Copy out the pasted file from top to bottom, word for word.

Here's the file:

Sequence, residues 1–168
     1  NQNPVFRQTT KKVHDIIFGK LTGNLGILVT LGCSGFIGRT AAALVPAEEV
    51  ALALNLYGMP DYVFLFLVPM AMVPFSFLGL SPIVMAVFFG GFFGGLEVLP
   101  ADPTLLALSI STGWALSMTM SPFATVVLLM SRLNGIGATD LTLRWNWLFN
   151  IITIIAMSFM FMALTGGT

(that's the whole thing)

Sequence, residues 1–168
     1  NQNPVFRQTT KKVHDIIFGK LTGNLGILVT LGCSGFIGRT AAALVPAEEV
    51  ALALNLYGMP DYVFLFLVPM AMVPFSFLGL SPIVMAVFFG GFFGGLEVLP
   101  ADPTLLALSI STGWALSMTM SPFATVVLLM SRLNGIGATD LTLRWNWLFN
   151  IITIIAMSFM FMALTGGT